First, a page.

Legislation which lengthens the limitation period on existing viable claims does not have the effect of changing the legal significance of prior events or acts. It does not revive an extinguished right or deprive anyone of vested rights. No one has a vested right in the running of a statute of limitations until the prescribed time has completely run and barred the action. Davis & McMillan v. Industrial Accident Comm'n, 198 Cal. 631, 246 P. 1046 (1926); Panzino v. Continental Can Co., 71 N.J. 298, 364 A.2d 1043 (1976); Nichols v. Wilbur, 256 Or. 418, 473 P.2d 1022 (1970). See Annot., 79 A.L.R.2d 1080 (1961 & Later Case Service 1979 & Supp. 1980). Cf. Willey v. Brown, Me., 390 A.2d 1039 (1978). The application of the amended version of section 95 to actions not already barred at the time it became effective is not "retroactive" application in any sense that would require us to presume that such application was not intended by the legislature. See Sutherland v. Pepsi-Cola Bottling Co., Me., 402 A.2d 50, 52 (1979).

It is necessary to distinguish Hubert v. National Casualty Co., 154 Me. 94, 98, 144 A.2d 119, 121 (1958), in which the limitation period was not directly prescribed by statute but by a provision of accident and sickness insurance policy requiring actions on the policy to be brought within two years from the expiration of the time within which proof of loss was required by the policy. Loss occurred in 1952 while the policy was in effect. Hubert brought an action on the policy in 1956. When the policy was issued and during all the time it was in effect, the insurance law required that every insurance policy of the sort in question contain a standard provision requiring, among other things, that actions on the policy be brought "within two years from the expiration of the time within which proof of loss is required by the policy." In 1953, after the policy in question had expired by its own terms, the insurance law was amended to extend to three years the period to be prescribed in the standard provision. The parties stipulated that the last date Hubert could have filed proof of claim was more than three years and 21 days from the date of the actual commencement of his action. It is not clear from the opinion why the action was not brought too late regardless of whether the application period was two years or three. However, the Court took the occasion, citing Miller v. Fallon, supra, to state that the 1953 amendment of the insurance law should be given only a "prospective" operation. Apart from the fact that the statement of the Court in Hubert appears to have been unnecessary to the decision, the case is clearly distinguishable as involving a provision contained in a contract which could not have been regarded in any event as modified by a statute enacted after the contract had ceased to be effective by its own terms. The later change in the law could affect that provision of the insurance policy, if at all, the Court said, only by retroactive application.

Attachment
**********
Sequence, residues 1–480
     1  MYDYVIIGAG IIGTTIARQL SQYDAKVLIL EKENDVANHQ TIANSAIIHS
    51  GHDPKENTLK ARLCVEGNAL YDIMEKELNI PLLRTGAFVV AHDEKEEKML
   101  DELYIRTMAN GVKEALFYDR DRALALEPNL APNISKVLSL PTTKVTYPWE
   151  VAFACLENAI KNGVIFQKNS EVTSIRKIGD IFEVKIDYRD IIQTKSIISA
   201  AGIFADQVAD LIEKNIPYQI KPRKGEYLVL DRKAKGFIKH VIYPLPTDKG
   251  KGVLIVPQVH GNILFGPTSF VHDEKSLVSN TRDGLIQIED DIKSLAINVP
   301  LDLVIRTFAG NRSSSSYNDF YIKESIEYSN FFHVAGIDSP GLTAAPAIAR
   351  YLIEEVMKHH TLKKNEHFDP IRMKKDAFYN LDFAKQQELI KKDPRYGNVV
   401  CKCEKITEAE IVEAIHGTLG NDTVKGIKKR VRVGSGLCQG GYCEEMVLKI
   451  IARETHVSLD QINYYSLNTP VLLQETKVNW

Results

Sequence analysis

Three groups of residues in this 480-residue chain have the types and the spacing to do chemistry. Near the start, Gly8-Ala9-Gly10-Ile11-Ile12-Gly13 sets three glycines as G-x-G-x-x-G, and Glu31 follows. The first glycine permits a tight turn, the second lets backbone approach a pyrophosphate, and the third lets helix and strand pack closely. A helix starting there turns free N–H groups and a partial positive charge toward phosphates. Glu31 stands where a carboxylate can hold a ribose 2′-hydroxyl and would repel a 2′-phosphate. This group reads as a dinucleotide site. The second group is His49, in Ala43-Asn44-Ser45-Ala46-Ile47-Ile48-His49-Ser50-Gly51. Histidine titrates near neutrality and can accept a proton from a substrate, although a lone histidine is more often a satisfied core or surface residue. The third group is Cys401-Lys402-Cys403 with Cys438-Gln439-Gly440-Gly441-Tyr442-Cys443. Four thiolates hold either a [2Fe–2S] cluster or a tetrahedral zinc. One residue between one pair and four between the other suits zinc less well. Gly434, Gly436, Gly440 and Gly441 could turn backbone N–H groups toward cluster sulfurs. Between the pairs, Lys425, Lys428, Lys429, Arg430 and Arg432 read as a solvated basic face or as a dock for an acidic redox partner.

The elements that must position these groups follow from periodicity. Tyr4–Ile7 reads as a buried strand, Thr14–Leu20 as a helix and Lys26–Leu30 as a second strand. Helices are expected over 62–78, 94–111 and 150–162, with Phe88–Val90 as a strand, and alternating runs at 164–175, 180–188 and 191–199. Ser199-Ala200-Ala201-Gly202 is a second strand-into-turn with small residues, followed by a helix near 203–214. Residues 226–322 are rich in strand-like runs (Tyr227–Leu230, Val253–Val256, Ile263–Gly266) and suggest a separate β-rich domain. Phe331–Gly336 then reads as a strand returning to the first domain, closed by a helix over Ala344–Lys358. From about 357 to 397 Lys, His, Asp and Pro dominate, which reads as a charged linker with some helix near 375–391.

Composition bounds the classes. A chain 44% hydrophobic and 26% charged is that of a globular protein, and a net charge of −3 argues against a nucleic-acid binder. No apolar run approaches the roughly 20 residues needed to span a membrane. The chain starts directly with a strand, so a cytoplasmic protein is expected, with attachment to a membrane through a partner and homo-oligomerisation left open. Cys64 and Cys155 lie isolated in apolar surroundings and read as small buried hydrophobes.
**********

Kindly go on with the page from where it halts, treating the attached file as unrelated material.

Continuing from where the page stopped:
In the present case, there being no evidence of a contrary legislative intent, we hold that amended version of ...